We were fourteen and in love. While I appreciate nature now, back then it was clemency, a place to disappear, and this boy and I were as much a part of it as the plants we hid among, all of us getting the same sun and rain and wind.

Scientists tell us that memories are stored at the connection points between neurons in the brain. The brain has approximately 100 billion neurons, each one potentially connecting to 10,000 other neurons. As information moves through the networks of the brain, the activity of the neurons causes the connection points to become stronger or weaker in response. This process, synaptic plasticity, is how the brain stores information. Once a memory has been created, aromas are potent triggers for recall.

This boy lives in me, my memories of him clear and true because they are welded in place. His wife has him now, but his boyhood belongs to me, as I presumably live on in him. I only need lilac blooms to bring him back and give our sweet youth another moment in the sun.

Photo by Breelynne on Foter.com / CC BY

Our Younger Versions

Recently I watched a video, a movie my brother-in-law made of a family reunion three decades ago: my sisters and I, along with our partners. The video lasted about an hour. I did not take my eyes off it.

I had never seen myself from such a distance. There I was, along with my beautiful sisters, young again. Our hair! Our skin! Along with the physical disparity between my former and present self, I was struck by the tension in my movements and expressions: the diffidence of youth at odds with its daring.

Women at thirty are powerful. We have not yet reached the zenith of our bloom and we are aware of this. The mayhem of our teens and twenties is over, and even if we have not fallen in love for keeps, or made much money, there is time enough ahead. The best is yet to come, we are sure of it. Old age is out there, inevitable but not pertinent.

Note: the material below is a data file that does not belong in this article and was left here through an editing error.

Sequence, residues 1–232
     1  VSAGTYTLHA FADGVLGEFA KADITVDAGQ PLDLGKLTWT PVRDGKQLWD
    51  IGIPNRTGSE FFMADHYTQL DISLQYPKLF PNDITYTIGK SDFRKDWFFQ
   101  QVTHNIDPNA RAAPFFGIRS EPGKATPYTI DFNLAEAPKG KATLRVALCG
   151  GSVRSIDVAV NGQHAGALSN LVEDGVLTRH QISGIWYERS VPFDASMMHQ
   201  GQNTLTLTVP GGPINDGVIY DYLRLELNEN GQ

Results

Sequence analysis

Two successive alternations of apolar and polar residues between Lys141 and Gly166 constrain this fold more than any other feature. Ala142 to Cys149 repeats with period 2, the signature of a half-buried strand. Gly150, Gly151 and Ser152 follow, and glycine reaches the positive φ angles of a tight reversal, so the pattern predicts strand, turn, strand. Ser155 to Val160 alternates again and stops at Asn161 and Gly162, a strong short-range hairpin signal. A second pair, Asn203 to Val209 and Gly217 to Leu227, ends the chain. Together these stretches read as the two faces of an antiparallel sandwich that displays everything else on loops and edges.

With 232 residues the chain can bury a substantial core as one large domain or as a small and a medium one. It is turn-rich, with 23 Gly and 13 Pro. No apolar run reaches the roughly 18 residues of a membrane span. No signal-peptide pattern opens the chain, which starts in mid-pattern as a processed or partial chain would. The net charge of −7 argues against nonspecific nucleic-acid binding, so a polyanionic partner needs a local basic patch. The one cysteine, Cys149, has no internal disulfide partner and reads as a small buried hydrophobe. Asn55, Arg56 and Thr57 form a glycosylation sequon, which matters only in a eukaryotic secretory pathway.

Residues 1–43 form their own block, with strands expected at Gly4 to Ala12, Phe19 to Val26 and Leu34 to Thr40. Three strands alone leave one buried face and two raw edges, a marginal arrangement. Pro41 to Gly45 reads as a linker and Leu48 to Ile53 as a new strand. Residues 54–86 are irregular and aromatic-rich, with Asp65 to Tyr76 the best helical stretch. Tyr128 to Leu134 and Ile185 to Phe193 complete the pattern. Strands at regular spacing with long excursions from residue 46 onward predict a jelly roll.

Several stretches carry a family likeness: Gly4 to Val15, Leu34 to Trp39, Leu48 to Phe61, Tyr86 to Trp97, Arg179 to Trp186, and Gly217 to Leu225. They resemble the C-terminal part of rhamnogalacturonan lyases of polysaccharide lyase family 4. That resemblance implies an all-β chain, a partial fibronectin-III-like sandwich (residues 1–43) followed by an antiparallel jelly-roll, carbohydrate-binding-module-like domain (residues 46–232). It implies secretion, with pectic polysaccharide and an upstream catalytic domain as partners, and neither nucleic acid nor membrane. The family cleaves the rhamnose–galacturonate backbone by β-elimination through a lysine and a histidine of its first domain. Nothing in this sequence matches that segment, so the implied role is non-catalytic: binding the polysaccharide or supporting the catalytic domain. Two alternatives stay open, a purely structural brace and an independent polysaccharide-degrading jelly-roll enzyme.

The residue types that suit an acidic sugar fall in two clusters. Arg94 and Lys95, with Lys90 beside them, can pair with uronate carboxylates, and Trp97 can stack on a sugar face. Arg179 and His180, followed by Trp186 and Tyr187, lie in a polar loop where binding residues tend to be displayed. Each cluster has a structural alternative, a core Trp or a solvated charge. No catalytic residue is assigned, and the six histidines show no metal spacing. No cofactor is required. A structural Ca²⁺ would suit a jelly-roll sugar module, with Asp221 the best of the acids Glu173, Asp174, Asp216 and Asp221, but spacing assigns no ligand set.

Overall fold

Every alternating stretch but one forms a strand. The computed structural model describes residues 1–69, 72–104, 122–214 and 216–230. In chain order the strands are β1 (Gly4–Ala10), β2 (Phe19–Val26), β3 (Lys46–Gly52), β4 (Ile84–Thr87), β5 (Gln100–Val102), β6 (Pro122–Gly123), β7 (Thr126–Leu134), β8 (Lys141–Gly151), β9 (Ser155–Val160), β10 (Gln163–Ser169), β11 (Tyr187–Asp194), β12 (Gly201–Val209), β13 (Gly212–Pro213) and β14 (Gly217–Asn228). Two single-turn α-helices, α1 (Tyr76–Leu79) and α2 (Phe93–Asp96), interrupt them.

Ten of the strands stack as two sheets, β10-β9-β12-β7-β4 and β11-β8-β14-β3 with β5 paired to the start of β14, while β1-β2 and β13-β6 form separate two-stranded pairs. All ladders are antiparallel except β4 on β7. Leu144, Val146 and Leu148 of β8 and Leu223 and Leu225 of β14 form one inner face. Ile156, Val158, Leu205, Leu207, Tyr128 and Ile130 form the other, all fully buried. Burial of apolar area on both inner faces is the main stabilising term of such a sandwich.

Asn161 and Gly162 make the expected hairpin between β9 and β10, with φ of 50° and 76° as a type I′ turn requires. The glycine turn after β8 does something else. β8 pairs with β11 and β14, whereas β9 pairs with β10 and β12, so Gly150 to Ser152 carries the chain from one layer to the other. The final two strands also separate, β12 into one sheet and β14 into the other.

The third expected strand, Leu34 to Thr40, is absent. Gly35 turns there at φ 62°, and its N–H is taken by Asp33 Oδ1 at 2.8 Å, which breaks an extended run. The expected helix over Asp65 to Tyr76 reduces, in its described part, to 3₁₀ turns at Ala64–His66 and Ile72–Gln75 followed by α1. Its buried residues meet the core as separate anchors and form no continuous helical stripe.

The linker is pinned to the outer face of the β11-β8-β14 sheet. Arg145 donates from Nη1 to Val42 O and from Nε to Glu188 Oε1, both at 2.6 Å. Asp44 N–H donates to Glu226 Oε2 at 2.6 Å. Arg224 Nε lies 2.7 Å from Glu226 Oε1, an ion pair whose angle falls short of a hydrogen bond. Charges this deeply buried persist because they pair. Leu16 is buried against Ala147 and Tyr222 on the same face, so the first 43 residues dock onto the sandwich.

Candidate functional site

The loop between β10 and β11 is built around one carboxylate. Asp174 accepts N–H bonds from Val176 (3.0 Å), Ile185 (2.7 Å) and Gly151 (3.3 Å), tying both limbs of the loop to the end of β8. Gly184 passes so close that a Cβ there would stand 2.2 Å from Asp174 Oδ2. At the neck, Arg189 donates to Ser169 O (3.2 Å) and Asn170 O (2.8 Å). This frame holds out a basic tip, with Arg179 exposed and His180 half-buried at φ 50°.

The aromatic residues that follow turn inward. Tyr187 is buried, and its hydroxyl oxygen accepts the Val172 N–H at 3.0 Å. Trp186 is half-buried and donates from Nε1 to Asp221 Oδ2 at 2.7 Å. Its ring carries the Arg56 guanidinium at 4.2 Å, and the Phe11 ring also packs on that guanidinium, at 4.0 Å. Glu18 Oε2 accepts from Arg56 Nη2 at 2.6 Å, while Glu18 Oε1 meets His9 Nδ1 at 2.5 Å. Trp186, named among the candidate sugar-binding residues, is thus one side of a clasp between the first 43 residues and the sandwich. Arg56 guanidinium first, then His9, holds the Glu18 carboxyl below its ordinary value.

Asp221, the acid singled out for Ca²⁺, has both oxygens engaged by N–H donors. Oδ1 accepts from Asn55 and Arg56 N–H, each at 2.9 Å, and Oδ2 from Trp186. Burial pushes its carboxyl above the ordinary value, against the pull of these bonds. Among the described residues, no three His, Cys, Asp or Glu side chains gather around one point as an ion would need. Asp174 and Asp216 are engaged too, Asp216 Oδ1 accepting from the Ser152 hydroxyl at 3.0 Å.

Ironically, this faith in the future makes us vulnerable to the present, unable to claim it. The feeling that we are unworthy, unready, seeps in like smoke. We spend our days trying to hide our fears, from ourselves and everyone else. We can’t be blamed for these doubts, or for squandering those precious years with bad bets and detours. Youth has its price.

Examining the girl I was in that video made me more compassionate than nostalgic, and I felt kindhearted toward my sisters as well. I’ve been practicing tough love on myself a long time now, forgiving my body’s cave-ins at the rate they appear. As our spiritual leaders tell us, pain is resistance. The bloom is off the rose, time to tend other parts of the garden.

When the video ended I felt altered, agitated, a confusion that lasted all evening. I was not the woman, I was not the girl; I was caught somewhere between the two and uncertain how to proceed.

I’ve always thought of memory as a portal. Nudged by a thought, a scent, an image, we can reenter the past, if only for a second. This fusion is unmistakable, delightful, reminding us that time is only a construct, a handy device for organizing our lives. The truth of our existence lies in these fleeting junctures, when we are back at a place we never actually left.

Joan Didion wrote:  “I think we are well-advised to keep on nodding terms with the people we used to be, whether we find them attractive company or not. Otherwise they turn up unannounced and surprise us, come hammering on the mind’s door at 4 a.m. of a bad night and demand to know who deserted them, who betrayed them, who is going to make amends. We forget all too soon the things we thought we could never forget. We forget the loves and the betrayals alike, forget what we whispered and what we screamed, forget who we were.”

It wasn’t until the next day that I understood what had happened to me, why I felt so lost after seeing my younger self. I had not stayed on nodding terms with that girl, had all but abandoned her, figuring we had nothing left in common, nothing of any use. What a surprise to see her again, not behind me but beside me.

As if I could have managed without her.